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Anthony Bourdain documentary 'Roadrunner' covers extreme highs and lows of chef and TV host who 'was addicted to everything'

Gina Salamone, New York Daily News on

Published in Entertainment News

There’s no happy ending, as the late Anthony Bourdain is heard saying in a new documentary about his life, but that doesn’t mean you can’t have fun along the way.

“Roadrunner: A Film About Anthony Bourdain,” premiering Friday at the Tribeca Festival, dives into the highs and lows of the chef-turned-TV host and world traveler who tragically took his life three years ago this week.

“Tony was one of the good guys,” Morgan Neville, who directed “Roadrunner,” told the Daily News. “He was fighting the good fight. He was trying to open people’s minds and showing the world to people and showing how, if you break bread with people, we all want the same thing.

“He was a real champion of things that I thought were important in the world of breaking down the hierarchies of food and culture and politics and championing the little guy,” the filmmaker adds.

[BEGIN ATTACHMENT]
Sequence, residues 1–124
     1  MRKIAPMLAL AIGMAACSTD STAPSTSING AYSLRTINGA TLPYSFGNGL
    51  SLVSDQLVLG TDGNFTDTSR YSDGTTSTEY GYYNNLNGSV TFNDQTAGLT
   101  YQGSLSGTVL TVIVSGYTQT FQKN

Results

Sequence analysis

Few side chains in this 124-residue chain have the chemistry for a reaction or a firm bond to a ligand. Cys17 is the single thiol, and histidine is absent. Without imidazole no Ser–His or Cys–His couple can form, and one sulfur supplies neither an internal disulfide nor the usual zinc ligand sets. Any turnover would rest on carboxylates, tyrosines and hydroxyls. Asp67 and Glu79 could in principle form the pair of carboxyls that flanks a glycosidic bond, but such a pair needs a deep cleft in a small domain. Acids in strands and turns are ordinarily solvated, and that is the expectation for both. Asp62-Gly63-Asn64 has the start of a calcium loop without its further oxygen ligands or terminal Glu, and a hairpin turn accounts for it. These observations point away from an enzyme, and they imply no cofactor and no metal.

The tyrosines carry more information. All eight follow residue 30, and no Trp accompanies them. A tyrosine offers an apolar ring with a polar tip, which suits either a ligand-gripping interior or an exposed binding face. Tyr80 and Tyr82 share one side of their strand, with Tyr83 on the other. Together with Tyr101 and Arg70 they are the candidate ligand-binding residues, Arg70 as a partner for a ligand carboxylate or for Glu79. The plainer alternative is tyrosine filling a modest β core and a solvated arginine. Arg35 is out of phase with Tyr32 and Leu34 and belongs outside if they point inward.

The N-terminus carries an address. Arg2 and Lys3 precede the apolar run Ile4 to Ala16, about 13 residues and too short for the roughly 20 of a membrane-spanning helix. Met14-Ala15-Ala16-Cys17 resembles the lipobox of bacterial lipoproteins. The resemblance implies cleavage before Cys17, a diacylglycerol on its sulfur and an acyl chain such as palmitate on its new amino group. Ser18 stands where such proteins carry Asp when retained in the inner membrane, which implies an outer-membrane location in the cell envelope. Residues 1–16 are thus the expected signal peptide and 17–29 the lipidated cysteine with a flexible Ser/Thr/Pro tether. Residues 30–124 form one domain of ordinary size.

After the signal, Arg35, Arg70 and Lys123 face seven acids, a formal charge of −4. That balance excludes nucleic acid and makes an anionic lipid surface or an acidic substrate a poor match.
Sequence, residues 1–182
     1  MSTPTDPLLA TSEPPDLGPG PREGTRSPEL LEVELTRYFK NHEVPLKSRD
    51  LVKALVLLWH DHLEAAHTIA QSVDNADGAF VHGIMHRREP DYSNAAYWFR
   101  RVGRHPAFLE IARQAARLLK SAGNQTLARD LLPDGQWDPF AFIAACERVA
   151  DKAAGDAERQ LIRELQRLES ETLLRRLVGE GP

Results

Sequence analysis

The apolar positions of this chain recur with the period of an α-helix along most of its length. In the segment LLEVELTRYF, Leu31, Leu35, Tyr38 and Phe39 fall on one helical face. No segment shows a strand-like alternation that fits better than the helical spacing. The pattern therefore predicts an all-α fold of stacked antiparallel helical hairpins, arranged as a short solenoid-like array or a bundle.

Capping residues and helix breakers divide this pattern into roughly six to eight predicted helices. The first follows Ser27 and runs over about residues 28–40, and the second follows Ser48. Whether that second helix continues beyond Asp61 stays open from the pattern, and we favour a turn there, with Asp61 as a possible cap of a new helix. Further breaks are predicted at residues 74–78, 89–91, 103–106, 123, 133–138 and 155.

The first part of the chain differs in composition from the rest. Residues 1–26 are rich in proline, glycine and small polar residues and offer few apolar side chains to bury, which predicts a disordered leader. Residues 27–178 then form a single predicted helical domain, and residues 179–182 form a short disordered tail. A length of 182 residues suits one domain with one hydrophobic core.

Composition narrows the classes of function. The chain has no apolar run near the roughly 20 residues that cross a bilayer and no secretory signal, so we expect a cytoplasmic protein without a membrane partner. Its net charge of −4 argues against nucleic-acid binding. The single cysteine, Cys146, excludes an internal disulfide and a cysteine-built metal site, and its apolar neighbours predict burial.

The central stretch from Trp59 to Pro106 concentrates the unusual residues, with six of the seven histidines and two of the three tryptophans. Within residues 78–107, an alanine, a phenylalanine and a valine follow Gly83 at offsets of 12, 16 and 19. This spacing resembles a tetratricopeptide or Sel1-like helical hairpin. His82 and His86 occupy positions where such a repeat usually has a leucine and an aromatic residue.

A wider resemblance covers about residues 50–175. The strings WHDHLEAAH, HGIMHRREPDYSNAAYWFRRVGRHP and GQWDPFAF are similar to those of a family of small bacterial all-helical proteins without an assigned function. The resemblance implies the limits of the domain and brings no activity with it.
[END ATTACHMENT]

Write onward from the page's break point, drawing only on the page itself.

Neville, who won an Academy Award for “20 Feet from Stardom,” his 2013 documentary about backup singers, says it was also Bourdain’s “punk rock attitude about everything” that drew him to explore his life.

“He had the best taste in movies, in books and music,” Neville said. So as the director combed through footage to use in his film, he jotted down every time Bourdain mentioned a song and created a 19-hour playlist.

 

“It’s all of Tony’s music,” he added. “And it’s Brian Eno and Iggy Pop and Johnny Thunders — it’s all these songs from his whole life, and I gave that to everybody that worked on the film to listen to and the songs on the film come out of that playlist. So the music was another way of getting inside his head.”

To fill in the rest, Neville drew from Bourdain’s onscreen work — including the Food Network’s “A Cook’s Tour,” Travel Channel’s “No Reservations” and CNN’s “Parts Unknown” — using both aired and unseen moments.

He also conducted fresh interviews with many who worked with the former chef on those shows. And he spoke to Bourdain’s friends, brother, and second wife, Ottavia Busia, the mother of his only child, Ariane.

“Roadrunner” viewers will see all the happy moments, from Bourdain playing in the pool with his daughter, to his rise to fame and inspiring world travels. But the film covers his struggles as well, from his past drug addictions to his constant battle to be happy and fulfilled amid the success.

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